It strains credulity to argue that ratepayers of distribution companies that have relied on coal-fired generation deserve a lesser share of allowances than they need to transition to their mandated emission reductions as some form of moral judgment on their historical fuel choices. Their service providers, without ratepayer input, chose coal because it was close and cheap. Utilities built hydroelectric dams and nuclear plants for the same reasons, not to limit GHG emissions.

Of course, these same coal ratepayers have benefitted from lower kilowatt-hour rates as a result of these choices. Whereas New York City has the highest rate in the country. And it will be very expensive to build the nuclear plants needed to most effectively reduce emissions while providing the electricity we need. Doesn't this equalize the extra cost coal utilities will have for reducing CO2 emissions?

Utilities invested in generating technologies because of availability, cost or both. GHG controls should not create unjustified, inequitable wealth transfers among ratepayers.

Such transfers, regardless of results, will be market-based. The market created high electricity rates in New York (16.97), Connecticut (18.30) and Hawaii (22.19) and low electricity rates in Wyoming (6.29), West Virginia (6.63) and Idaho (6.80) - - (Nebraska State Gov). The CO2 emissions/electricity deliveries scenario of Waxman-Markey cannot necessarily provide some sort of ratepayer fairness with such a resource/price history.

Unprincipled wealth transfers in connection with GHG controls could deprive the proposed cap-and-trade program of political legitimacy.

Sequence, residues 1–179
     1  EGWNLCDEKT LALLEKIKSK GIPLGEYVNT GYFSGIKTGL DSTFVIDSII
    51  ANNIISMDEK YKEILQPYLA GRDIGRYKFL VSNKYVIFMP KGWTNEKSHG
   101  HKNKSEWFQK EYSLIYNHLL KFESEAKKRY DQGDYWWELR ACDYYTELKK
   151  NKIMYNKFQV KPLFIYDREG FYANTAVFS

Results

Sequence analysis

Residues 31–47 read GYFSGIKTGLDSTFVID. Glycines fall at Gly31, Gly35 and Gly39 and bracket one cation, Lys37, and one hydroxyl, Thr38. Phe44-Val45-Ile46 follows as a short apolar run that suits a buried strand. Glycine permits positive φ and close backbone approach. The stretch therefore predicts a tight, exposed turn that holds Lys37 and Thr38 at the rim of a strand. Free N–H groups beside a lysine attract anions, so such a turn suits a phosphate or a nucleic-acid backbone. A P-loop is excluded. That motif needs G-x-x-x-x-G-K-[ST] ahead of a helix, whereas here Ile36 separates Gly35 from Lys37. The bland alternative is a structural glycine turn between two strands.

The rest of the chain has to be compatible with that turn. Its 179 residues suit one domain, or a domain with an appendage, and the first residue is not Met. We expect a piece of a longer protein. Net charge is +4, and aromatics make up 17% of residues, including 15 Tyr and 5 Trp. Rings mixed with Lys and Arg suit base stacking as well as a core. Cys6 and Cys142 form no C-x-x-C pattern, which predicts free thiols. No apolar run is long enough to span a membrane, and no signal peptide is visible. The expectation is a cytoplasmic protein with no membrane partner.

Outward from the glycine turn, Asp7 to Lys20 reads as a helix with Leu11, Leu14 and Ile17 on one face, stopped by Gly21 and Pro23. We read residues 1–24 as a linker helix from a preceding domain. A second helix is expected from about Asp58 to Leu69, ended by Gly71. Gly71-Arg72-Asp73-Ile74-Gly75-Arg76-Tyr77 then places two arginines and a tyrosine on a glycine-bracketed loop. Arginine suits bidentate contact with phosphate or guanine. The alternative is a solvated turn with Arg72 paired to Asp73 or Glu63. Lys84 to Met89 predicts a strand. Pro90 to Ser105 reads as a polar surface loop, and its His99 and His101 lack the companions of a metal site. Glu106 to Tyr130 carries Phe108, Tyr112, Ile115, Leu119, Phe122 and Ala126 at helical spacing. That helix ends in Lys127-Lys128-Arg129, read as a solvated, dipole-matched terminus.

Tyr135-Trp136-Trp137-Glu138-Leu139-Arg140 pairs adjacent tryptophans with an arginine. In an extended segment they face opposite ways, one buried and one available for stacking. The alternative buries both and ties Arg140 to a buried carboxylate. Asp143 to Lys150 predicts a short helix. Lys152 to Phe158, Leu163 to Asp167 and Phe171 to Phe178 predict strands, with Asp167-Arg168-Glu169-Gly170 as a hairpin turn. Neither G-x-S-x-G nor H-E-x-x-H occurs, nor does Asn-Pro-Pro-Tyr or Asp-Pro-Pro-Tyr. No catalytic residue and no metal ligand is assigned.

Wealth transfers are inevitable in a market-based cap-and-trade system. Some consider the market to be unprincipled, but it can work if not burdened with too many confounding regulations.

Waxman-Markey requires recipients of allowance distributions remit the proceeds in lump-sum payments to their rate-regulated customers.

We oppose this unnecessary, bureaucratic and burdensome system. Let the utilies utilize monetary proceeds for best available control technologies or practices.

This should correct allocated allowances based on the annual average CO2 emissions attributable to delivered electricity from becoming a subsidy for increased consumption from GHG-emitting resources.

It is unnecessary interference in the trading system. If anything, duplicate the EPA Acid Rain program whereby 'anyone' can hold and trade allowances. Give the ratepayers a stake in the market approach.

To make the program environmentally and economically effective and politically viable, those who will shoulder the greatest cost in achieving the capped emissions should be the primary (if not exclusive) beneficiaries of freely distributed carbon allowances during the transition to a carbon-capped economy.

Political viability is a moving target. Electricity rates will need to increase regardless of whether America decides to address CO2 emissions. Such increases by their very nature are not politically viable. Technology should be more of a driver of CO2 emissions reductions to the greatest extent possible.

(Electric Light & Power, Cap-and-Trade Success Requires Ratepayer Fairness in Distribution of Emission Allowances, Nov/Dec/2009)